Whatever happens, any Roth conversion will generate a tax bill. Since most contributions to a traditional IRA have never been taxed, the person doing the rollover has to pay income taxes on the whole amount, at whatever rate he or she would pay on normal income. Someone who rolled over $100,000 could face federal taxes as high as $35,000, plus state taxes. That fact may be enough to discourage many. It s so hard for people, psychologically, to pay tax today when they don t necessarily have to, says Susan Hirshman, managing director at J.P. Morgan Private Wealth Management. People who convert in 2010 have the option to claim the income in the 2011 and 2012 tax years (although by then, of course, taxes may be higher).
Planners are focusing on making sure those tax payments come from the right places. For most people, the worst option is tapping the money they re rolling over; they d face a 10 percent early-withdrawal penalty in addition to the income taxes, wiping out the advantages of the transaction. Generally it s best to use separate savings, rather than borrowing to pay the bill. Hirshman says she s seen parents give adult children cash to help them pay their rollover taxes: The elders can make gifts of up to $13,000 a year per parent without incurring gift taxes.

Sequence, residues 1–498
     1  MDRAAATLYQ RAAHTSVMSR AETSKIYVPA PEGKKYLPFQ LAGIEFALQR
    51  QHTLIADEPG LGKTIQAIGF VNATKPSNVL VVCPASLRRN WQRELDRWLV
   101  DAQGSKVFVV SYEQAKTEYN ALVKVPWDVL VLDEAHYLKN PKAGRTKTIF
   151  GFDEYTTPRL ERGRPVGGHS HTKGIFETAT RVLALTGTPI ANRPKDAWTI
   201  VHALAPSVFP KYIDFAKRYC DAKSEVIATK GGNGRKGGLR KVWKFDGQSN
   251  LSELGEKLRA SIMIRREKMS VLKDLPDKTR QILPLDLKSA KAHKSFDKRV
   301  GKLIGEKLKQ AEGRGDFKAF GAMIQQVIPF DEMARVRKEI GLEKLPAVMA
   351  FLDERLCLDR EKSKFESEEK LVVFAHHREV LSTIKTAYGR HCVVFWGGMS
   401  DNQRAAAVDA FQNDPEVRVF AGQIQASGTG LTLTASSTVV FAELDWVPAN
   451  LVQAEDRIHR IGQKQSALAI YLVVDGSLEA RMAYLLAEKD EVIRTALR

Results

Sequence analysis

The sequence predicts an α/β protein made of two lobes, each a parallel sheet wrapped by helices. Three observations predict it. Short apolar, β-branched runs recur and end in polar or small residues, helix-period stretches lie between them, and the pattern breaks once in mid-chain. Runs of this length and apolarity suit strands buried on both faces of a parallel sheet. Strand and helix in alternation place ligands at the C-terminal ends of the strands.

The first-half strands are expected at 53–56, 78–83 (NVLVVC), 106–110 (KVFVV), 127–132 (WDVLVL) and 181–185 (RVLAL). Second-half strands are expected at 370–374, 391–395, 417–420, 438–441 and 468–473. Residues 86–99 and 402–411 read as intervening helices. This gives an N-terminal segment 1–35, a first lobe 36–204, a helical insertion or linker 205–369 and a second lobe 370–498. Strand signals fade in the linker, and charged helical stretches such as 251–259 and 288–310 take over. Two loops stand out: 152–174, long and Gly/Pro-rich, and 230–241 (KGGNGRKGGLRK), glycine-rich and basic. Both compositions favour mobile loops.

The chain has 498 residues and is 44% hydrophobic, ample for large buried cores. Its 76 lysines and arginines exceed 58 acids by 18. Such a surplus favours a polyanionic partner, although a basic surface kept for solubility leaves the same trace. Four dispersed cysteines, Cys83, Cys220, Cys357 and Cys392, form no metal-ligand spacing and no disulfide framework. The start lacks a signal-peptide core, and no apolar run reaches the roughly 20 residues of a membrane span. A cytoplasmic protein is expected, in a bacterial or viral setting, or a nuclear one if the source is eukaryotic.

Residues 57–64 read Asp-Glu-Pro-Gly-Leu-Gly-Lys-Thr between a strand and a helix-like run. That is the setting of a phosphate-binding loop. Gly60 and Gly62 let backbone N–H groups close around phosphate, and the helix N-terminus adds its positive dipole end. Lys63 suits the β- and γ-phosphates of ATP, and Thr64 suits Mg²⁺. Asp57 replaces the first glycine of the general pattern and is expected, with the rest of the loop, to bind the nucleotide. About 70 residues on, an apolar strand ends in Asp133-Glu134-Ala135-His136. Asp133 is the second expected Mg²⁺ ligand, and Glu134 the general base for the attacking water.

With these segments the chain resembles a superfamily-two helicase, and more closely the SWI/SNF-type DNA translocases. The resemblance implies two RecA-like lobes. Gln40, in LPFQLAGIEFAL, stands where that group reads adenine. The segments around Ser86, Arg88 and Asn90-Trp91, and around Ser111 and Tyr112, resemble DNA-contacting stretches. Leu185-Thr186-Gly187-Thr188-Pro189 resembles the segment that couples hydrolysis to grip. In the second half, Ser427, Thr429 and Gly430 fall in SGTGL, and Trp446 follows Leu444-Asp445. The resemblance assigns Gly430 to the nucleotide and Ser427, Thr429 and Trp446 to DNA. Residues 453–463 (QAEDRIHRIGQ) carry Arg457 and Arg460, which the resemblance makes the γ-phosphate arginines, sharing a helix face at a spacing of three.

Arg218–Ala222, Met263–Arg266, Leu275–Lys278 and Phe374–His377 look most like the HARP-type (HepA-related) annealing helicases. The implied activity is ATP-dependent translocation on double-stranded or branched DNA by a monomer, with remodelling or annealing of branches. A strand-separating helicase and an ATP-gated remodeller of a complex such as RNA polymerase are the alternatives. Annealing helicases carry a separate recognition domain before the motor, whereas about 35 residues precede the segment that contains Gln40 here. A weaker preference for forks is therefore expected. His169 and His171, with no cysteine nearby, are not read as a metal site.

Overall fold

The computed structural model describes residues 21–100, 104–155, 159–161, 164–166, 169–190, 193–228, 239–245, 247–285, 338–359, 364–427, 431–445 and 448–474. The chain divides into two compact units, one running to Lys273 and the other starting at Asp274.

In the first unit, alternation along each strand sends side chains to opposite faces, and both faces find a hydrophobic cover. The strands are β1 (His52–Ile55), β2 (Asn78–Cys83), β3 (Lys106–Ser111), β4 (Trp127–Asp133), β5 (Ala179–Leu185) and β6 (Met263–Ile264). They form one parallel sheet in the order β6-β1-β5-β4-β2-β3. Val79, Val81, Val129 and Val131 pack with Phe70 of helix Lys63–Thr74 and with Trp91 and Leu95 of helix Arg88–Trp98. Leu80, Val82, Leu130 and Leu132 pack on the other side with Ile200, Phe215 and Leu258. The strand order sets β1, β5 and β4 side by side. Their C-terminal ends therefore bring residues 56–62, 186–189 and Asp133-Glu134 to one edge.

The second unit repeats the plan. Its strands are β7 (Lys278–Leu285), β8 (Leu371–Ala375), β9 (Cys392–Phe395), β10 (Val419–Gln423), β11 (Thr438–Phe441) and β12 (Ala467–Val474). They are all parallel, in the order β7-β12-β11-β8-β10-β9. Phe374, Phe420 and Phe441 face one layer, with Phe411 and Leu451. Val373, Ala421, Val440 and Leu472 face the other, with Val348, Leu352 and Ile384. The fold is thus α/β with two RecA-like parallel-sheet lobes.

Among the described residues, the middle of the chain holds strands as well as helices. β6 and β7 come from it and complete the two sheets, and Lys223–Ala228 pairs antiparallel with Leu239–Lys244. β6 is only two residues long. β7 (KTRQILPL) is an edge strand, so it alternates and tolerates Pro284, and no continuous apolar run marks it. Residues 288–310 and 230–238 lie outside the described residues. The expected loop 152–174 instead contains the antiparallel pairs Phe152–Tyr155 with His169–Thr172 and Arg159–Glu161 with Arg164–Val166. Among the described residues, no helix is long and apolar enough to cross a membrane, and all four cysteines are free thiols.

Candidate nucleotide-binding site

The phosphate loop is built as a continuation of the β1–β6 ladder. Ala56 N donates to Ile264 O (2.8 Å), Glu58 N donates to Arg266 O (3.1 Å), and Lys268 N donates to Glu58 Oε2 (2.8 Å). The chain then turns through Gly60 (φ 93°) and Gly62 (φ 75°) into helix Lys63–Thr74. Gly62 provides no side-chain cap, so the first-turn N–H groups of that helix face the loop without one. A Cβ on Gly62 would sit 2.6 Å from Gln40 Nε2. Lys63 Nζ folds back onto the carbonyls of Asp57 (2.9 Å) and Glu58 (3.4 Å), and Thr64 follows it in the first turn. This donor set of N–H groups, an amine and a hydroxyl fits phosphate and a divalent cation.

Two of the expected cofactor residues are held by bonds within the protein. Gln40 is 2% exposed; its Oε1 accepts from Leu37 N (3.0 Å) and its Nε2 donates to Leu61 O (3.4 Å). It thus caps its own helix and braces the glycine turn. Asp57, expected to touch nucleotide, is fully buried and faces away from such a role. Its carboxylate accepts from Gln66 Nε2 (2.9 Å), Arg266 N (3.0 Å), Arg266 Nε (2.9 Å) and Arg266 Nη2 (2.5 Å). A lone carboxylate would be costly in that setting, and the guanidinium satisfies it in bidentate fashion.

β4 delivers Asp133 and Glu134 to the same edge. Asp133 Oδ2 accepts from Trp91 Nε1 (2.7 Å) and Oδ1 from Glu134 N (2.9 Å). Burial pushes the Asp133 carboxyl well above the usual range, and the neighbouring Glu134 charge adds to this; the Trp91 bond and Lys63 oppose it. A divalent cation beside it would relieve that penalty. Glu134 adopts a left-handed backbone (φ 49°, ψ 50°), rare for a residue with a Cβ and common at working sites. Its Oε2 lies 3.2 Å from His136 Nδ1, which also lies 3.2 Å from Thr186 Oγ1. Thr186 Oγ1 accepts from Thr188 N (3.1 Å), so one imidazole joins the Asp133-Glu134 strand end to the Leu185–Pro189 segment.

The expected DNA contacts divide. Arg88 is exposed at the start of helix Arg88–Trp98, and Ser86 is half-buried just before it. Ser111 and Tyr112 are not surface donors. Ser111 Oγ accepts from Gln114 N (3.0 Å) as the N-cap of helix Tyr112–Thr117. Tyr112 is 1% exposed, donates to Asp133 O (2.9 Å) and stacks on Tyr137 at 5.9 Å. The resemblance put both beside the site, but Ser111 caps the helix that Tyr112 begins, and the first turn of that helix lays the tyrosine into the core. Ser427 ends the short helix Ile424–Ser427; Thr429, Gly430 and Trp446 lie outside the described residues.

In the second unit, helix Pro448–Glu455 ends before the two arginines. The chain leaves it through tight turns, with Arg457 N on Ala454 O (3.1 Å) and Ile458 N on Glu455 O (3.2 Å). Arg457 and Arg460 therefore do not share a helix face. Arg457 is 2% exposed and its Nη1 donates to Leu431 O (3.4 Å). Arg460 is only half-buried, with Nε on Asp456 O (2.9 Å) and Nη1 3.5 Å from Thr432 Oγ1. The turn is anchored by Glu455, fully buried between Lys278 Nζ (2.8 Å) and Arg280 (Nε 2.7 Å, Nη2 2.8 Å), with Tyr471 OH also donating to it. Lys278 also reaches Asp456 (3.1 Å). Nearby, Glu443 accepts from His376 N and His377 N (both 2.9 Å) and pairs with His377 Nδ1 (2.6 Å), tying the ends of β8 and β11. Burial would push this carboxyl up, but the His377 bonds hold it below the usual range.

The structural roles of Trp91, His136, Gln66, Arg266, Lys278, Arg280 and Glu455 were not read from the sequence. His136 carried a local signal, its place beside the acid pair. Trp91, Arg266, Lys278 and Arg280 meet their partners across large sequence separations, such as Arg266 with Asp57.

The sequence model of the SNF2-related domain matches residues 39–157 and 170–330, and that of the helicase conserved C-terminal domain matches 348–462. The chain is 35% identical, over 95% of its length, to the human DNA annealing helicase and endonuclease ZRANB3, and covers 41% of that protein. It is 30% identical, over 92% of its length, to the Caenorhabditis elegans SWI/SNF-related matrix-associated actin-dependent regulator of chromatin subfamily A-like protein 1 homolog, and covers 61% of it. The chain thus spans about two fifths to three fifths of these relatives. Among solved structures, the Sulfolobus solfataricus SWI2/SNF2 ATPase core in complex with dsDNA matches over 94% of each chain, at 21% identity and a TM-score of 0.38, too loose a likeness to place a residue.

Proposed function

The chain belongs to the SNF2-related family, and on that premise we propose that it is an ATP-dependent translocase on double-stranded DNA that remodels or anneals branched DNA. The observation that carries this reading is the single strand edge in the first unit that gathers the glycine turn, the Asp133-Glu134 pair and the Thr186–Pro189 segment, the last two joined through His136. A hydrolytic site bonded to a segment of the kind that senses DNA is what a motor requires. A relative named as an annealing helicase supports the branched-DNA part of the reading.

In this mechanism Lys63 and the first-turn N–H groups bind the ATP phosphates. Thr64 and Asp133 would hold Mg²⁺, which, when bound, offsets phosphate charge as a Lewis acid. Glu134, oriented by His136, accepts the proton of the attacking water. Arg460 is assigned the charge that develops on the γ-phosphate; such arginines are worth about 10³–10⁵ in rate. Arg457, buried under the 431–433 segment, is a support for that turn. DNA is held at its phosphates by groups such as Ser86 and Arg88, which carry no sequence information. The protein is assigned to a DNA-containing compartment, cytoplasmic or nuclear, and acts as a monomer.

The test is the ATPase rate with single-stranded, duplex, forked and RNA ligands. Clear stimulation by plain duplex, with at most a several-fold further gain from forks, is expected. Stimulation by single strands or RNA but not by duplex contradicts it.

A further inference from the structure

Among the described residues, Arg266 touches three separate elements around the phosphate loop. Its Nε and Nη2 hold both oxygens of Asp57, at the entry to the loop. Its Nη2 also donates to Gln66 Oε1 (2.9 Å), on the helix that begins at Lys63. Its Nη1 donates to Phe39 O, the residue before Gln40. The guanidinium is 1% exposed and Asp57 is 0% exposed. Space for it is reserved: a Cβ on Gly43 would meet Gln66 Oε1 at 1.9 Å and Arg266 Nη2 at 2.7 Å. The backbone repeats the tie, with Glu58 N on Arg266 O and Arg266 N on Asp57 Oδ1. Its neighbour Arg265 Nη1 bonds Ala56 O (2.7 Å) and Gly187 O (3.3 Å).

Betting on the Tax Rates of 2030
The whole point of navigating these arcane rules, obviously, is to pay lower taxes later. But it s hard to know where tax brackets will be 20 years from now. That s why Jor Molchan, a finance executive in Boston, still has doubts about how much to move to a Roth from his regular IRA. I can leave the money as is and avoid taxes for 32 years at least, says Molchan, who s 38. By then, he notes, the tax rules may have shifted.
Some advisers think that s a risk worth taking. Withdrawals from Roth IRAs are tax-free after the investor reaches age 59 . And that stretches the value of the retiree s savings: Bill Urban, of San Francisco wealth management firm Bingham, Osborn & Scarborough, calculates that people with 20 or more years to save money will effectively make almost 10 percent more with a Roth than with a traditional IRA.
Assuming the rules on retirement plans don t undergo a major change, experts say, most people will reach their postcareer years with Roth and non-Roth money. Molchan and his wife, Lorelei, now expect that they ll do just that, converting a small percentage of his assets to a Roth, while keeping a mix of other savings. The Roth IRA is a great tax vehicle, says Mochan. Meanwhile for those who still feel shaky about the call, there s one safety net hidden in the rules. A taxpayer who converts to a Roth in 2010 has until October 2011 to undo it. Alan Haft, a financial planner in Irvine, Calif., says the provision is designed to protect investors who roll over a big chunk of money and then see the market plunge. But in practice, it can help anyone who gets cold feet. Those savers can roll the money back into a traditional IRA, avoid any tax bill and get that very rare thing in personal finance: a do-over.